Shortly after the development of VZIG, a new face from Dana-Farber became a permanent figure at the Biologic Laboratories. In 1982, George Siber, MD,, Assistant Professor of Medicine at Harvard Medical School based at Dana-Farber, became the Assistant Director of the Laboratories. At this time, Dr. Siber was already a productive researcher and specialist of infectious diseases. During the early 1980s, Dr. Siber was interested in working on Bacterial Polysaccharide Immune Globulin (BPIG), a possible treatment or prevention of Haemophilus influenzae type b and pneumococcal disease. 65 In a collaborative arrangement, the laboratory took on the research and developments aspect of BPIG. 66 When Dr. Wright left the Biologic Laboratories, the position of Director was offered to Dr. Siber, who served as Director from 1983 until 1996.

Vile of BabyBig, 2006

Vile of BabyBig, 2006

Dr. Siber and Dr. Leszczynski collaborated on a number of projects during this time. Some include; research on passive immunization for Streptococcus B type III polysaccharide and Enterobacteriaceae; research on treatments for Herpes Simplex type 2 and Herpesvirus type 6;  pertussis immune globulin (PIG), which was developed to treat infants with whooping cough;  a collaboration with the California Department of Health Services to manufacture Botulism Immune Globulin, Intravenous (Human) (“BabyBIG”). The Biologic Laboratories had also signed an agreement with Harvard University to collaboratively conduct research on Recombinant Toxoids of Bacterial Exotoxins. 67

In 1984, when HIV (human immunodeficiency virus) was discovered to be the virus that causes AIDS (acquired immune deficiency syndrome), the Biologic Laboratories worked to ensure its blood products (including all plasma products) were safe by diligently working to remove any viruses that might be lurking there. 68 “The Biologic Laboratories also developed a unique proprietary method to prepare immune globulin (IG) products that can be administered intravenously (IGIV). This method was then licensed to the New York Blood Center (NYBC). In return, the Biologic Laboratories was given access to NYBC’s solvent-detergent (SD) method of viral inactivation for plasma products. NYBC and the Biologic Laboratories jointly licensed this combined technology, virally-inactivated IGIV, to other manufacturers.” 69 At the same time, the Biologic Laboratories was researching programs in passive immunization for Streptococcus-B type III polysaccharide and Enterobacteriaceae. 70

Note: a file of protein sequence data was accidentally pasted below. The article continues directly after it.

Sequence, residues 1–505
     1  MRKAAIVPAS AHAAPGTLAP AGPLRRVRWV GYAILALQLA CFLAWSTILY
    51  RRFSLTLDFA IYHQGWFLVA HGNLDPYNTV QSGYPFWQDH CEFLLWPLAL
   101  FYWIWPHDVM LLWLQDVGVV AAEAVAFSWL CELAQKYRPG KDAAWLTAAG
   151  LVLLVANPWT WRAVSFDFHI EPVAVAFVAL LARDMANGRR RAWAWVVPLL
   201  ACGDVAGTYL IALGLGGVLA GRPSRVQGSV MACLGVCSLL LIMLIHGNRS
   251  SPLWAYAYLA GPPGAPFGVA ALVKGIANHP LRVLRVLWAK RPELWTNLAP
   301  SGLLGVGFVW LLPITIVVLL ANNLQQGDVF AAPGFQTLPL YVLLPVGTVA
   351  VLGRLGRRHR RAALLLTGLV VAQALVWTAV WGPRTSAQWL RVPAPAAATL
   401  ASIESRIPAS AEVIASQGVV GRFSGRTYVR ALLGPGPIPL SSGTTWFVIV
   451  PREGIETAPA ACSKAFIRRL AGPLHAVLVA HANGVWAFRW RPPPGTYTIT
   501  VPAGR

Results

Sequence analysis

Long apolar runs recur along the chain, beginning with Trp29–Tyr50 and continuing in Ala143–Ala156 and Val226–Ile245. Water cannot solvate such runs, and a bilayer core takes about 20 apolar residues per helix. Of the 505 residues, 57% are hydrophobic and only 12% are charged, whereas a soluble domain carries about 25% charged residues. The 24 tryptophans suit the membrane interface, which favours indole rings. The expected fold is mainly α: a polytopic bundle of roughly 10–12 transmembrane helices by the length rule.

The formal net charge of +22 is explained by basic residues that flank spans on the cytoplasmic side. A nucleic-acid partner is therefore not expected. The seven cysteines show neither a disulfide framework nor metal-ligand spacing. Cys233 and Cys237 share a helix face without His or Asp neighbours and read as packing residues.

Resources and Staffing Partnerships

Biologic Laboratories Staff Photograph- 1988

Biologic Laboratories Staff Photograph- 1988

To attract and retain professional staff qualified to carry out the mission of the Laboratories in production and development of biologics, a blended strategy for support was developed.  First, there were in-kind or barter arrangements with other non-profit organizations such as described previously in relation to the Red Cross Blood Program.  Secondly, collaboration was encouraged with scientists at research and medical institutions that funded the basic salaries.  These medical researchers were attracted to the Laboratories by opportunities to work with “pedigreed” specimens that had been byproducts of the regular work done at the Laboratories.  Thirdly, a small number of additional senior scientist positions were requested and obtained through the state’s Executive Office of Human Services, which subsumed the Department of Public Health.  When possible, state positions could be divided into two half-time salaries, and the complementary part would be sought from research grant support. 71